Rift Between Labor and Likud over Future of Administered Territories

The deep division between the partners in the Labor-Likud unity coalition government over the future of the administered territories was emphasized at a Haifa University symposium at which American diplomats also expressed their views.

The closing session Wednesday was addressed by Defense Minister Yitzhak Rabin. The topic was a third state between Israel and Jordan. Rabin-who stressed that he was advancing his own opinions which he admitted had little chance of acceptance by the present coalition warned that it would be a major mistake to attempt to impose Israeli sovereignty over the territories.

It would block the hope for peace and create a bi-national state with a permanent Palestinian problem which would destroy Israel’s character as a democratic Jewish State, he said.

Those arguments were dismissed by Eliahu Ben-Elissar of Herut and Yehuda Ben-Meir of the National Religious Party who insisted on full Jewish sovereignty over the entire West Bank.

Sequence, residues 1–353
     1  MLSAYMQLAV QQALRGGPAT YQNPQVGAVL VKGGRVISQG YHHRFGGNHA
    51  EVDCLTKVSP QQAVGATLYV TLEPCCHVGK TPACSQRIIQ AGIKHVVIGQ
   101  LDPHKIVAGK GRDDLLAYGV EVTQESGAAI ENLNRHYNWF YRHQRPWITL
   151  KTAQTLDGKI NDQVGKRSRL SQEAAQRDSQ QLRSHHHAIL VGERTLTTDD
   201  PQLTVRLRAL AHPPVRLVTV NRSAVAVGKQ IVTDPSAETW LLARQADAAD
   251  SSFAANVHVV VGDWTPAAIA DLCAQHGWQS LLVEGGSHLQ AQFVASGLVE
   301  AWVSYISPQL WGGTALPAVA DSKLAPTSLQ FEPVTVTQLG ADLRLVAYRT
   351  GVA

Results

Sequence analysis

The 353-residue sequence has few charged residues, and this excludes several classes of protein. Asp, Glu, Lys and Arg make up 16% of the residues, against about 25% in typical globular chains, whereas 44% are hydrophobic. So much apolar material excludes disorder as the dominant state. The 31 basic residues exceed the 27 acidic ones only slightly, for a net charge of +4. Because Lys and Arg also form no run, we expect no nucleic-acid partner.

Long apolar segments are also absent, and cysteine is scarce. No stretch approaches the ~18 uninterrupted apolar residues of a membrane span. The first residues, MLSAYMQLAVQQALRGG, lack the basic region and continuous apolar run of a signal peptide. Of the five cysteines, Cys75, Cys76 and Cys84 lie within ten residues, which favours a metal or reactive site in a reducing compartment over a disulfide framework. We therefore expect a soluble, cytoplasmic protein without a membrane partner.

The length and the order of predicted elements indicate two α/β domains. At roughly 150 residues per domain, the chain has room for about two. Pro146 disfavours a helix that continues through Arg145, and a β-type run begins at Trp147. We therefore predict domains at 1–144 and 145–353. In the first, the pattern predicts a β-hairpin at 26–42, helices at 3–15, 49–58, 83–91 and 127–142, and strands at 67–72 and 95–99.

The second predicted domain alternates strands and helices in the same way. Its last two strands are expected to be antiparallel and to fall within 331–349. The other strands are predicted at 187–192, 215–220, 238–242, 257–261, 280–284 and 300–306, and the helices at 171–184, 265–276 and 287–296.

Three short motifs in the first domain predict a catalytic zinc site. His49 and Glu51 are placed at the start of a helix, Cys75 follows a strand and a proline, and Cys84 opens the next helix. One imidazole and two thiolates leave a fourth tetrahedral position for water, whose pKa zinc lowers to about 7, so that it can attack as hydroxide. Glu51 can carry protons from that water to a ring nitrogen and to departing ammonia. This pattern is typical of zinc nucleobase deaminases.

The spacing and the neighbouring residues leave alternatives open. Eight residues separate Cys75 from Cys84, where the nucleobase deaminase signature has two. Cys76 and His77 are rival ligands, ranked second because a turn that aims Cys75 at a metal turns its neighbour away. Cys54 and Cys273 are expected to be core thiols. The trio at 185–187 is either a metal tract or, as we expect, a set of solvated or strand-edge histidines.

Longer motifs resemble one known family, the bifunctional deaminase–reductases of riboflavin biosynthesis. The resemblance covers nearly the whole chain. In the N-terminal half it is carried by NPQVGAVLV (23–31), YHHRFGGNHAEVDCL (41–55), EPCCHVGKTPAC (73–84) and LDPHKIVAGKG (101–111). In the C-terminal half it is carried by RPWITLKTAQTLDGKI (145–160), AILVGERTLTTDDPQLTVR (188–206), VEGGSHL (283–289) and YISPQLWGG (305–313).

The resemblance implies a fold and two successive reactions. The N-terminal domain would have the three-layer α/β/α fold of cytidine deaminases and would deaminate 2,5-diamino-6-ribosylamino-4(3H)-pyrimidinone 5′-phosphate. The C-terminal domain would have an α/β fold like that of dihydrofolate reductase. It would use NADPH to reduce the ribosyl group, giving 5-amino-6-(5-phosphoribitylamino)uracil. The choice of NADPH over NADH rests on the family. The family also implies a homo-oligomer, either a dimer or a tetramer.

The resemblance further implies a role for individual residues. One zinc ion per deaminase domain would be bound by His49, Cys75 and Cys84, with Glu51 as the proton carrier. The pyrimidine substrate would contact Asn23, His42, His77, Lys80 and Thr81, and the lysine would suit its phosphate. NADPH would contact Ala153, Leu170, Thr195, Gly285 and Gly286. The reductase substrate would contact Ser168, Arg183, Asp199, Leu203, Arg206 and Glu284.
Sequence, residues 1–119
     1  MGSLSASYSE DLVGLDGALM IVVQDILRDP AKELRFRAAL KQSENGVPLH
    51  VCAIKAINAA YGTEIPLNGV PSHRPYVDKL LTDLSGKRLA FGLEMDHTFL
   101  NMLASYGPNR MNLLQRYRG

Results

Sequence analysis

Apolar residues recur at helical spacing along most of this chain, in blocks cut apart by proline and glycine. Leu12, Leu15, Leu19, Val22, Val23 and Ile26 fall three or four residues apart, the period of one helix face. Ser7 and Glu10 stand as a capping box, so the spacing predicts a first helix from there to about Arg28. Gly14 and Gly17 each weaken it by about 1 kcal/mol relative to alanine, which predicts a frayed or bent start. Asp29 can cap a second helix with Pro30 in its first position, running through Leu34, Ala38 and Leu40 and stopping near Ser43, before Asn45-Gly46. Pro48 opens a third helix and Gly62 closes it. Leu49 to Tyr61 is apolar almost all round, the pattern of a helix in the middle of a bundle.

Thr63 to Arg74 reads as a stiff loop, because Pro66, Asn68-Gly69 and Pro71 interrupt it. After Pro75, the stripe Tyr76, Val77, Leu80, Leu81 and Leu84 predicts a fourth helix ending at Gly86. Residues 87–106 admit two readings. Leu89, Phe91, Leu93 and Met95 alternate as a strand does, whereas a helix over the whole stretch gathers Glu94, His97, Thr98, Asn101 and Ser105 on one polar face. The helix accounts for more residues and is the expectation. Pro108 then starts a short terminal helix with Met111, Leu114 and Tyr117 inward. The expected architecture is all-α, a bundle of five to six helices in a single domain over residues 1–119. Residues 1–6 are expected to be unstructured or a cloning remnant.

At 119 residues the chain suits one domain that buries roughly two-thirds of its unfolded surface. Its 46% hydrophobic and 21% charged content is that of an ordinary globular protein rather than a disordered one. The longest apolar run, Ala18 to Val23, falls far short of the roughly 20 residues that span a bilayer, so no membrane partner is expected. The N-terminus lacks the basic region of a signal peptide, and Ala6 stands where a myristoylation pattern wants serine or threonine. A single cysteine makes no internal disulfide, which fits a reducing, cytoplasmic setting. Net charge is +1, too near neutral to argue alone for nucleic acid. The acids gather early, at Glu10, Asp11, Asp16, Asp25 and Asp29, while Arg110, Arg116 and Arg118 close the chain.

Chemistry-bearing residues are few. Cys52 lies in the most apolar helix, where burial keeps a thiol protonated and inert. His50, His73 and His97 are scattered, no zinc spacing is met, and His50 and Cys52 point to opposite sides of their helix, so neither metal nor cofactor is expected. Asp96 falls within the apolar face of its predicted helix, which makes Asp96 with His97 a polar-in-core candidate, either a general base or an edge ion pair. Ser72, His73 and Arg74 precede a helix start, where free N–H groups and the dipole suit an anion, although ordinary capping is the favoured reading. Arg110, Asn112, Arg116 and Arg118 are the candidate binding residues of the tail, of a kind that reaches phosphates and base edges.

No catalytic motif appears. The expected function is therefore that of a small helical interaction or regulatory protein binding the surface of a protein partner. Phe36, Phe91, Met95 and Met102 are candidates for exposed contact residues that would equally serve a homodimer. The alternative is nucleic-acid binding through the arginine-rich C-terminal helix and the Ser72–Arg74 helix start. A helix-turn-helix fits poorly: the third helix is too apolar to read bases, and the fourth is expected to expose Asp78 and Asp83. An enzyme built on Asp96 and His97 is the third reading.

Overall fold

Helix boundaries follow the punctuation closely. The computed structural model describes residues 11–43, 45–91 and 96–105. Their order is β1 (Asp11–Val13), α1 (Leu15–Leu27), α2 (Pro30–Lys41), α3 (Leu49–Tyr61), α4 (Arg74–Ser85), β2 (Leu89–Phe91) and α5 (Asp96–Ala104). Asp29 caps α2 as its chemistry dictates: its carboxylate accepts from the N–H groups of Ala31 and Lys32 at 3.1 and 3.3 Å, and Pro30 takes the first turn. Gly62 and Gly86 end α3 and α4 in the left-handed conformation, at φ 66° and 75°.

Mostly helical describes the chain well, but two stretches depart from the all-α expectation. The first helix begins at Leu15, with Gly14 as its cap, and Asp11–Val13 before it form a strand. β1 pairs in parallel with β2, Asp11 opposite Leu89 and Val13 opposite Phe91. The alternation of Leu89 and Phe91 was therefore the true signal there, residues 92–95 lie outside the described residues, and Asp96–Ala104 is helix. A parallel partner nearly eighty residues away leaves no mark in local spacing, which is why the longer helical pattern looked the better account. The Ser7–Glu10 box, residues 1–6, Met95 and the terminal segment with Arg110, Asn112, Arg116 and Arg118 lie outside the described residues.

But Yitzhak Unna, former Israeli Ambassador to South Africa, warned that Israel, by remaining in the administered territories, was bringing upon its society many of the problems of which South Africa is trying to rid itself.

Harold Saunders, former U.S. Assistant Secretary of State for Near Eastern and South Asian Affairs, a participant in the symposium, said the only way to test the positions of the Palestine Liberation Organization was to negotiate with it. “Both you (Israelis) and we have talked to them when we needed to,” he said. He stressed that the U.S. had no difficulty talking about self-determination for the Palestinians, even though it is hedged by realities on the ground. Saunders said an eventual solution would have to involve elements of confederation, with political expression for the Palestinians.

Rabin proposed an interim solution under an umbrella of cooperation between Israel, Jordan and moderate Palestinians, who would share responsibility for the territories. He warned that attempts to achieve an ultimate solution for the complex problem of Palestinians in the West Bank and Gaza Strip would only result in stalemate, create new tensions, possible war or an imposed settlement. There are no shortcuts to advance the peace process, he said.

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